Author Topic: How Much Longer?  (Read 12635 times)

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Offline stacey

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How Much Longer?
« on: July 17, 2015, 03:34:31 AM »
I'm sorry that this will sound so morbid, but since it's the tragic anniversary of the murder of the last Romanovs and their servants, I had to ask:

We all know that poor Alexei suffered terribly from hemophilia. Several of his hemophiliac relatives had already died of this disease, most at a very young age. Obviously at the turn of the 20th century there was no treatment available for people with his condition, and very few even survived to adulthood.

Alexei had already astonished his doctors by surviving a number of nearly fatal hemorrhages. At the time of his murder, he was still unable to walk. I think he was just short of his 14th birthday when he was killed? I even vaguely recall something that Rasputin allegedly once told the Empress: that if Alexei survived until his 15th birthday, he would be cured of his hemophilia and go on to live a normal life. IF there is any truth to that (and that's a huge "if", I grant you), if he could have lived just another year and a few weeks, who knows? Maybe--just maybe--Alexei could have overcome that terrible disease and lived a long and healthy life. IF he hadn't been murdered first!!!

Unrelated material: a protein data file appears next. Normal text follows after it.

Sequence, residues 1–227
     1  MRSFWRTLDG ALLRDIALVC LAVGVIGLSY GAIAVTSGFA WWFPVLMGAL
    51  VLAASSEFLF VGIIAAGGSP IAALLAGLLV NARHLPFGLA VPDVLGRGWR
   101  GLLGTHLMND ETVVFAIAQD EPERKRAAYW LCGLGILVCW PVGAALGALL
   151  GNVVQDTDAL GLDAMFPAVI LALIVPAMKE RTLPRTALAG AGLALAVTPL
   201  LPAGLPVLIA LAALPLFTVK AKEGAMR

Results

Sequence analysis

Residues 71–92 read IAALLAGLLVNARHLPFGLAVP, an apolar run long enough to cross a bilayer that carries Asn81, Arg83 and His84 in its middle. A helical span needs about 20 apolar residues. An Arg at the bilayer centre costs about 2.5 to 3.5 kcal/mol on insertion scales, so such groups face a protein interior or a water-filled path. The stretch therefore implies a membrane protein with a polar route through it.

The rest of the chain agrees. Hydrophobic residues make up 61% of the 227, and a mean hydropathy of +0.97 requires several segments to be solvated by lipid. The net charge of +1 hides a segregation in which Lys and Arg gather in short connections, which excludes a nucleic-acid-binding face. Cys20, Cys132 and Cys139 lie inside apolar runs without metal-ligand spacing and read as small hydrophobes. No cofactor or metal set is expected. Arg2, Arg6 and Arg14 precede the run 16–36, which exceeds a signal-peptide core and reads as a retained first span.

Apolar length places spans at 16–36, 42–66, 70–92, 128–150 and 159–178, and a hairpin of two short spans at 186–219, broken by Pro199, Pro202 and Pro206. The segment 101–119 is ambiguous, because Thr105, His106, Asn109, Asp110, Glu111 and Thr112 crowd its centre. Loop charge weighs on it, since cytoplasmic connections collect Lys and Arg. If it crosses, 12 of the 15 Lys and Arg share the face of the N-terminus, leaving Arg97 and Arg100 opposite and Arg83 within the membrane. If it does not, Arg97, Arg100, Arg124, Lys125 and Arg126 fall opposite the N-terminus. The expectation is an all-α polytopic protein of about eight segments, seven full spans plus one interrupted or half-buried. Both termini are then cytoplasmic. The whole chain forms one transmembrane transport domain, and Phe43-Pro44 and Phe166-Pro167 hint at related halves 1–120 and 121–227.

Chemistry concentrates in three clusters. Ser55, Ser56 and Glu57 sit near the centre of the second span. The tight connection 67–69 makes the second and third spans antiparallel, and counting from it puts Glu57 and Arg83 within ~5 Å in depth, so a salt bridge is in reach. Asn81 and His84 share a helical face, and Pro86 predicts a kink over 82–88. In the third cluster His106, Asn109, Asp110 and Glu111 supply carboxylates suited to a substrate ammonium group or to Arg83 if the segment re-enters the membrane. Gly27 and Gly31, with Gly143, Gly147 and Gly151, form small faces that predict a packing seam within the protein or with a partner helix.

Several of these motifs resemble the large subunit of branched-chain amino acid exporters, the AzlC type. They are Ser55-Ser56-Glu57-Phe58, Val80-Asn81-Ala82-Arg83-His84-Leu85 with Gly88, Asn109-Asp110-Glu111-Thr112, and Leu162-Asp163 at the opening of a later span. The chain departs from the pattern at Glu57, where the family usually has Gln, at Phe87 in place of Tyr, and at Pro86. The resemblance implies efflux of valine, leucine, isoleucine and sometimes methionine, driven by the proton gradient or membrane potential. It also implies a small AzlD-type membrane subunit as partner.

Anyway, now to my question: even if the Revolution had never happened, even if the Romanov dynasty had continued to flourish--what do you think Alexei's ultimate fate would have been? How much longer would he have beaten the odds? How much longer would he have lived even in a peaceful Russia?

Again--sorry to be so morbid but I've started thinking about this and wondered what others might think. Of course as things turned out, poor Alexei never got the chance to find out. May he and his family rest in peace.